# What does the term complementary interval mean?

1. Sep 1, 2009

### AxiomOfChoice

What does the term "complementary interval" mean?

I'm studying the Cantor set and related notions right now, and I keep coming across the term "complementary interval." What does that mean? I can't find a definition spelled out anywhere!

2. Sep 1, 2009

### Hurkyl

Staff Emeritus
Re: What does the term "complementary interval" mean?

Where are you seeing this? How is it being used?

Without knowing any context, I would guess that "complementary interval" is not a technical term -- it's simply an English phrase built from the two technical terms "complement" and "interval", or maybe even from the English word "complementary" and the technical term "interval".

3. Sep 1, 2009

### AxiomOfChoice

Re: What does the term "complementary interval" mean?

Ok. Allow me to provide some context: "The difficult part is verifying continuity of the Cantor function at points of the Cantor set that have a sequence of complementary intervals converging to them."

4. Sep 1, 2009

### JG89

Re: What does the term "complementary interval" mean?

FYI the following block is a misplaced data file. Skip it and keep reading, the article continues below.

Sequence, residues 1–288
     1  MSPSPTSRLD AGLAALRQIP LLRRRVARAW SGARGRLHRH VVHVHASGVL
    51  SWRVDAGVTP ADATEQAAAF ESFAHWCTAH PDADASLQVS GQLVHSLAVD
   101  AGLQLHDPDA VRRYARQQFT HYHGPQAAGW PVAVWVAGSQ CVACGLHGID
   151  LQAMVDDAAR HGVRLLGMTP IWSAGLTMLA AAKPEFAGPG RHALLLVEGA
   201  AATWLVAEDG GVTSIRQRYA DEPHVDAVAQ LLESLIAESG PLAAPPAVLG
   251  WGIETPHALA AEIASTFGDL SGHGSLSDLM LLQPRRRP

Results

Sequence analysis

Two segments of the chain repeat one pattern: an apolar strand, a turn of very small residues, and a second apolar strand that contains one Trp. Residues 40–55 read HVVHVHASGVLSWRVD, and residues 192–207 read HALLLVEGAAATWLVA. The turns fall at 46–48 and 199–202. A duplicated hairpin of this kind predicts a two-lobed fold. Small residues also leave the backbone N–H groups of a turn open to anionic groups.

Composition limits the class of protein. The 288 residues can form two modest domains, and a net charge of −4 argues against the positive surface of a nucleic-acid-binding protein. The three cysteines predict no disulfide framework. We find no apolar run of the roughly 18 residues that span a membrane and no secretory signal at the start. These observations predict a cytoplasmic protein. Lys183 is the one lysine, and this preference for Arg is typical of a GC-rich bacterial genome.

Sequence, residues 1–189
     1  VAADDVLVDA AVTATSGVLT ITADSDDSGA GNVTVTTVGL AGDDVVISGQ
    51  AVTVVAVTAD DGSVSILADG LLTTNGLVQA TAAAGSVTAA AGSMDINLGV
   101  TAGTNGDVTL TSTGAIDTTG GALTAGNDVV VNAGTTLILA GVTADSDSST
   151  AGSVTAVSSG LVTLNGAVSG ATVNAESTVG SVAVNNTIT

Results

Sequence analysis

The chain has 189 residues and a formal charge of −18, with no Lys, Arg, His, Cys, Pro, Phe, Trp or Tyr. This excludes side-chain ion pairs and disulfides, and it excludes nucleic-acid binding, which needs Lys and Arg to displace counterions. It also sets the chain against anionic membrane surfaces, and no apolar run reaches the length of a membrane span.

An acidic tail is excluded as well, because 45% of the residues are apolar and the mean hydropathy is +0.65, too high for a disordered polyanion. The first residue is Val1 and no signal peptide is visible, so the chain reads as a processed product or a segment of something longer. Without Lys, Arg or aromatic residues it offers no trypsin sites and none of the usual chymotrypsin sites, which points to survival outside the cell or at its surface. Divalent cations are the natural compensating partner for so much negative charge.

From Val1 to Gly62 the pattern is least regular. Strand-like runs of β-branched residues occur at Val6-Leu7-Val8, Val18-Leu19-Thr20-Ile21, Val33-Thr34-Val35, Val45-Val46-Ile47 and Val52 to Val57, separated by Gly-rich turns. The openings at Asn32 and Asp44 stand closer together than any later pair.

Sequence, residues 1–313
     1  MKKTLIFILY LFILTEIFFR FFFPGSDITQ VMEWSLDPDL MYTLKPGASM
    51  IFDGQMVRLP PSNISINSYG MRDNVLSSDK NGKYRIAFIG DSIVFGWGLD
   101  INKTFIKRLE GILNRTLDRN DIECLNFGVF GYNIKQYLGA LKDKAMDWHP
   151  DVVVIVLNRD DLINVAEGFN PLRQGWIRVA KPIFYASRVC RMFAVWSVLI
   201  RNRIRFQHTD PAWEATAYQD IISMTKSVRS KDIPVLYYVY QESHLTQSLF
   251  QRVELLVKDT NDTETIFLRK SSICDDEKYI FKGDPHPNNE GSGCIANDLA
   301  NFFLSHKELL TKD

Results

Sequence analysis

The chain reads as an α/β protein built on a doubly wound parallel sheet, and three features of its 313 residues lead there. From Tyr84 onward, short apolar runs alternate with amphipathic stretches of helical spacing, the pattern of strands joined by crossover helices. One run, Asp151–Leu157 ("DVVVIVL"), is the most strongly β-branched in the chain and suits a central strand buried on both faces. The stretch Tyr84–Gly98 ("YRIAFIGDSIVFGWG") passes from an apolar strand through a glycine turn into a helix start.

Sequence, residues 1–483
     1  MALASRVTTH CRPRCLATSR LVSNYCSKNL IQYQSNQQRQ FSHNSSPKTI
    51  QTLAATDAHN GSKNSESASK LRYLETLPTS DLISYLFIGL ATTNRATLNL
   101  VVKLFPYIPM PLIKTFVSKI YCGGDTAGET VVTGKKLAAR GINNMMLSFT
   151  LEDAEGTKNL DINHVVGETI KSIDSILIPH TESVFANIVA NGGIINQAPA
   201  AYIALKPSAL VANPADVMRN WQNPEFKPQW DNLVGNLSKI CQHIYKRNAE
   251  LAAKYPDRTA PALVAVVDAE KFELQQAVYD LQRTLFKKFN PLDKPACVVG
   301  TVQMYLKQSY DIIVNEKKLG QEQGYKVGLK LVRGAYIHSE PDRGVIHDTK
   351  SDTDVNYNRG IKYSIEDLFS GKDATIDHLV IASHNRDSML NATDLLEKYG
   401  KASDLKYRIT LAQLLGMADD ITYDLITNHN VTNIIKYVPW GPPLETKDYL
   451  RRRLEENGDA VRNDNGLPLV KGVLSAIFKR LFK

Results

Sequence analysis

I know nothing about what you are studying, but a wild guess: could it mean that the intervals don't overlap? If I and I' are any two intervals, then they are complimentary intervals if there exists no points in I which are in I' ?

5. Sep 1, 2009

### Hurkyl

Staff Emeritus
Re: What does the term "complementary interval" mean?

The complement of the Cantor set in [0,1] is a countable union of disjoint open intervals. Maybe they're talking about those?

6. Sep 1, 2009

### AxiomOfChoice

Re: What does the term "complementary interval" mean?

Yes, that's a reasonable idea. But how do you make sense of intervals NOT in the Cantor set converging to points that ARE in the Cantor set? What does it even MEAN for a sequence of open intervals to converge to a point?

7. Sep 1, 2009

### Hurkyl

Staff Emeritus
Re: What does the term "complementary interval" mean?

Well, the most straightforward idea I can think of is:

A sequence of sets Sn converges to a point P iff, for every open set U containing P, there exists an N such that n>N implies Sn is a subset of U.

Or equivalently, every sequence sn of points chosen so that sn is an element of Sn converges to P.